Interconnect agreement between the parties to the present case by the
addendum dated 01.12.2005 with effect from 14.11.2003, the same, therefore,
can have no application to the period prior thereto. It was also held that
a comparison of the CDRs of both parties showed that CLI was available on
the CDR of Tata Teleservices Limited and not with the BSNL. Therefore, the
fault lay in the system of B.S.N.L. for which the respondent cannot be
penalized. The Tribunal further held that the Circular dated 13.06.2005,
relied upon by BSNL to support the impugned demand, details of which have
already been noticed in the case of Bharti Airtel (supra), itself provides
for due application of mind necessitating an enquiry as to the reasons for
the irregularities/shortcomings in the display of the CLI. No such
opportunity was afforded to the respondent by BSNL before resorting to the
impugned demand(s).
28. Elaborate arguments had been advanced on behalf of both sides, the
core of which, insofar as BSNL is concerned, is that Tata Teleservices
Limited having taken the benefit of the Circular dated 13.06.2005, (made
effective from 01.05.2003) for the latter part of the period involved, its
liability would accrue from the said date and the demand has been worked
out on the basis that 48.9% of the calls are non-CLI calls and therefore
Clause 6.4.6 would apply. It is urged that the contention of the Tata
Teleservices Limited that the calls are less than 0.5% is plainly
incorrect.
29. In reply, it is urged that Clause 6.4.6 of the Interconnect
agreement, in the form and content in which it has been applied to the case
of the respondent, was introduced by the addendum dated 01.12.2005,
effective from 14.11.2003. In the present case, the alleged violation of
Clause 6.4.6 is on the ground of transmitting calls without CLI. It is
urged that upto the date on which Clause 6.4.6 came into operation i.e.
14.11.2003, the demand raised on the said basis is without any authority.
It is further submitted that the receipt of calls without CLI having been
disapproved/rejected by the TRAI and there being express directions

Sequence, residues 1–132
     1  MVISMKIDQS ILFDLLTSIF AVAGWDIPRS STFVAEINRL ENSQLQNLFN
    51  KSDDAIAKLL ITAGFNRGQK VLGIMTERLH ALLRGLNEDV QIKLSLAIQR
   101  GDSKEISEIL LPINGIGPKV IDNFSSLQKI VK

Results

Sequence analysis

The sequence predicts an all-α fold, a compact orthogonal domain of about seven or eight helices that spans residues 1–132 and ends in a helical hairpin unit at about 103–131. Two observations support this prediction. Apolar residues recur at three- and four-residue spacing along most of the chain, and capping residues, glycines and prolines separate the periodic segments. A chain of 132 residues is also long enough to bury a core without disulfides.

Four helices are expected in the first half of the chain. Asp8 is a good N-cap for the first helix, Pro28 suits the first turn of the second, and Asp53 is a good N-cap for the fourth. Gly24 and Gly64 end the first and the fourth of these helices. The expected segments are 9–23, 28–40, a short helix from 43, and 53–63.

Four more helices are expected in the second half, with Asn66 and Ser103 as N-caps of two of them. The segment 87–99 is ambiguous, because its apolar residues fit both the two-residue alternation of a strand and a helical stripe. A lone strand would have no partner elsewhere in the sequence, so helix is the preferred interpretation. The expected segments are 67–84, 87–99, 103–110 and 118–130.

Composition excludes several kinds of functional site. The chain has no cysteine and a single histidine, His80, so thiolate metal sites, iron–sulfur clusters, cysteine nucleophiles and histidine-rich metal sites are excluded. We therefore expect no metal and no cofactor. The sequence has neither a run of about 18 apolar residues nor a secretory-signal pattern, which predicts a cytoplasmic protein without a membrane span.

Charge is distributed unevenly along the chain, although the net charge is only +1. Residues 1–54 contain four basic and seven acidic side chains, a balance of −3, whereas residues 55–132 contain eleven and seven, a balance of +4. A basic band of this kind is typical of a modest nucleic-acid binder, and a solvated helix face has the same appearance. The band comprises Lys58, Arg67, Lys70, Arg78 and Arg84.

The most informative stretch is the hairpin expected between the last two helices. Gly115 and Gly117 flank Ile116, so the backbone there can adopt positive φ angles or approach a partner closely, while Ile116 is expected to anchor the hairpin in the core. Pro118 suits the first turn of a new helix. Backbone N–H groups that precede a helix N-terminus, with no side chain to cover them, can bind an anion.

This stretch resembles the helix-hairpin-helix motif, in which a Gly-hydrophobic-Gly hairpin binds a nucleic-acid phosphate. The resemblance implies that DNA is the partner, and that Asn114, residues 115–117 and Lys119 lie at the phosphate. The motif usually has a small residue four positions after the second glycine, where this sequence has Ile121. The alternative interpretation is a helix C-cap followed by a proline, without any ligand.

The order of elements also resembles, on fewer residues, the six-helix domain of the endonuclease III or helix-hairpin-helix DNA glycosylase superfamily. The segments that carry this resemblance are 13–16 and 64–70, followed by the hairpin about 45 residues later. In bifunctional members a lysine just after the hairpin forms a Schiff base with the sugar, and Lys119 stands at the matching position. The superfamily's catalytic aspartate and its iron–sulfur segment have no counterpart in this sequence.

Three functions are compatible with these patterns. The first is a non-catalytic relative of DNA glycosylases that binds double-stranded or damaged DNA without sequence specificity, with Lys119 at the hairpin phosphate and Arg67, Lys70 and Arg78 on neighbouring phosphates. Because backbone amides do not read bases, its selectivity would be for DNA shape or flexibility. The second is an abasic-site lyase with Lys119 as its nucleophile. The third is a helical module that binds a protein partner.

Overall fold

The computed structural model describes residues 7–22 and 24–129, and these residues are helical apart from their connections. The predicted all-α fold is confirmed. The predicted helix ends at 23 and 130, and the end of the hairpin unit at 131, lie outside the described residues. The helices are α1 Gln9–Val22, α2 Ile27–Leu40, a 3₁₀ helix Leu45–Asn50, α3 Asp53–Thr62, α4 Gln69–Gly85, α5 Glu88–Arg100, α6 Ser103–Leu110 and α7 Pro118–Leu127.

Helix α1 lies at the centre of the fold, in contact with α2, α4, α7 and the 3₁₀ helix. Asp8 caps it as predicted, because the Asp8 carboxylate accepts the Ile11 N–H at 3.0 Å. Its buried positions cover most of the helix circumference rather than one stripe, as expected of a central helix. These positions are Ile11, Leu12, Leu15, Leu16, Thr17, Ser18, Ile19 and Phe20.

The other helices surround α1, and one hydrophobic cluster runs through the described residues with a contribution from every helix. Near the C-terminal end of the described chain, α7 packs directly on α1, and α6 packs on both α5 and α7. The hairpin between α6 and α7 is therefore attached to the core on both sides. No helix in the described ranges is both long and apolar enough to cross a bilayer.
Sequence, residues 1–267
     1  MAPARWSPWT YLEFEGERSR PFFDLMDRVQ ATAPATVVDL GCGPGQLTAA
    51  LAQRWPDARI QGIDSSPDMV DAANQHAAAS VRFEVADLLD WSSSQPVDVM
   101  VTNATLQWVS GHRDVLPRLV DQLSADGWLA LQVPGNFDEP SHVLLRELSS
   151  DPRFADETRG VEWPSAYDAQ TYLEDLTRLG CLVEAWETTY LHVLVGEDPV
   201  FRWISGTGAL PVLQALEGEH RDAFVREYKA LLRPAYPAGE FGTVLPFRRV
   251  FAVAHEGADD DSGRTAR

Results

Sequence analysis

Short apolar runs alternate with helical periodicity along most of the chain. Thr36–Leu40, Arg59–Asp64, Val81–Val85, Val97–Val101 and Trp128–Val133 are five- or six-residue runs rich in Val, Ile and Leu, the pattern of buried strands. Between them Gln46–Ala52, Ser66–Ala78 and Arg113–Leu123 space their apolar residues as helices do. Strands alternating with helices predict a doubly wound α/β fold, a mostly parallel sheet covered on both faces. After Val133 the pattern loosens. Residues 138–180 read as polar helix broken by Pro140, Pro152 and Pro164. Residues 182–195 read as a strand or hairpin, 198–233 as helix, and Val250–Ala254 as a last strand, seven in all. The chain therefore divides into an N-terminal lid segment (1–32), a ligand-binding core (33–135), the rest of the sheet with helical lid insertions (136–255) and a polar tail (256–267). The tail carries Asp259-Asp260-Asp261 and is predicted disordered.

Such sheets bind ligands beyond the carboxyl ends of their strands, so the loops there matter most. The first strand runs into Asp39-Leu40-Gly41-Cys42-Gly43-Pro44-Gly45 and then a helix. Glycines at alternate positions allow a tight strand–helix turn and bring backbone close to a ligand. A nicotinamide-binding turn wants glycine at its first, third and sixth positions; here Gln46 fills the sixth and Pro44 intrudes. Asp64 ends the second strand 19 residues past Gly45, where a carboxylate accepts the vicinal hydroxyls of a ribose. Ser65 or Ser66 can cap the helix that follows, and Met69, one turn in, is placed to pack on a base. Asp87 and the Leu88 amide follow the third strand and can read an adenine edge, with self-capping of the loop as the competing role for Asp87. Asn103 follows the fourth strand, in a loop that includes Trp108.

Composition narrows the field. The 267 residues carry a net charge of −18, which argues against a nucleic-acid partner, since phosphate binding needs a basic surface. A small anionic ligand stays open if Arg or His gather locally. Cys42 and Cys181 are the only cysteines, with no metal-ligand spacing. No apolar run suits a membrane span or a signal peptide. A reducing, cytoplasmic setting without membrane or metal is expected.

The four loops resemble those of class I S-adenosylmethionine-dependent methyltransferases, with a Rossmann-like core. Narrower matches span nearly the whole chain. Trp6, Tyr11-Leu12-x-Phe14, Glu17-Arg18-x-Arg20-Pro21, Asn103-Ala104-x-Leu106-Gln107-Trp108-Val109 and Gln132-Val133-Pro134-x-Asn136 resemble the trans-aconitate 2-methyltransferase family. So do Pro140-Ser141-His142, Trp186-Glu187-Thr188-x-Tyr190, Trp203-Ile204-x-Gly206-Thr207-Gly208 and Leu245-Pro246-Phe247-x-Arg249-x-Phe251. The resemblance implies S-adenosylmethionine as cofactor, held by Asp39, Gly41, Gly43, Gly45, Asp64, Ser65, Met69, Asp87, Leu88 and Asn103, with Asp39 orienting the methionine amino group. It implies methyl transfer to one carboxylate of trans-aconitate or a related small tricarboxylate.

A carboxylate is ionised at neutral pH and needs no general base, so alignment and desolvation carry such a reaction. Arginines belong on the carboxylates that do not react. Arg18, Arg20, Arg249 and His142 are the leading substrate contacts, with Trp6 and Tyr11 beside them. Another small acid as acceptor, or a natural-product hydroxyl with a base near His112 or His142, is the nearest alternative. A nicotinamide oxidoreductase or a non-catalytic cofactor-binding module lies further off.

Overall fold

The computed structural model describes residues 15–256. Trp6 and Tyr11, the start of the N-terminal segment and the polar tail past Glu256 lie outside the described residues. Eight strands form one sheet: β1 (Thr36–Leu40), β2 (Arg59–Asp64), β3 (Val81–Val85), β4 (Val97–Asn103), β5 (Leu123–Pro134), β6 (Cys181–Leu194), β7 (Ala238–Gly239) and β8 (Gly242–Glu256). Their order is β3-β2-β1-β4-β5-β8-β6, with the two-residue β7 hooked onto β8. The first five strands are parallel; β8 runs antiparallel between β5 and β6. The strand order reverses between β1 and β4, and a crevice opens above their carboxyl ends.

requiring BSNL to reject such calls, the appellant cannot take advantage of
its own action contrary to the directions of the Regulator i.e. TRAI.
Furthermore, according to the respondent, the Circular dated 13.06.2005
prohibits BSNL to mechanically apply Clause 6.4.6 and it is only upon
elimination of technical failures, incompatibility between exchanges, etc.
that Clause 6.4.6 can be resorted to and that too for the period after
14.11.2003.
30. In a situation where it is the case of the appellant BSNL itself that
non-CLI calls transmitted by the Tata Teleservices Limited to the BSNL
network was more than 0.5% and hence Clause 6.4.6 of the Interconnect
agreement would be applicable, ex facie, the demand raised for the period
from May 2003 to November 2003 would be without any legal authority
inasmuch as Clause 6.4.6 became a part of the Interconnect agreement
between the parties with retrospective effect from 14.11.2003.
31. In view of the aforesaid finding recorded by the learned Tribunal
with which this Court is in full agreement, it will not be necessary to go
into any other issue so far as the demand for the said period is concerned.
For the remaining period i.e. November, 2003 to May 2004 during which
period Clause 6.4.6 was in force, the finding of the learned Tribunal that
Tata Teleservices Limited should be given an opportunity and the quantum of
loss suffered by B.S.N.L. should be computed accordingly would, however,
require a close look. In Bharat Sanchar Nigam Ltd. Vs. Reliance
Communication Limited (supra), this Court has held that Clause 6.4.6
prescribes a pre-estimate of reasonable compensation. The premise on which
the learned Tribunal had held the necessity of affording an opportunity to
Tata Teleservices Limited for determination of the quantum of loss suffered
by BSNL for the period from November 2003 to May 2004 proceeded on the
basis that Clause 6.4.6 is a penal clause. As the said basis stands altered
by the decision of this Court in Bharat Sanchar Nigam Ltd. vs. Reliance
Communication Limited (supra), computation of liability for the period from
November 2003 to May 2004, during which period Clause 6.4.6 was in
operation, must necessarily be made in accordance with the terms of the
said clause. The order of the learned Tribunal, therefore, to the
aforesaid extent, is set aside and the appeal is partly allowed. The
demand raised for the period from May 2003 to November 2003, as held
earlier, shall stand set aside while for the period from 14.11.2003 to May,
2004 shall be determined in accordance with Clause 6.4.6 of the Agreement
as brought into effect with retrospective effect from 14.11.2003.

….……………………….,J.
[RANJAN GOGOI]

….……………………….,J.
[PRAFULLA C. PANT]
NEW DELHI;
SEPTEMBER 23, 2016.

———————–
[1] (2011) 1 SCC 394]
[2] (2008) 13 SCC 597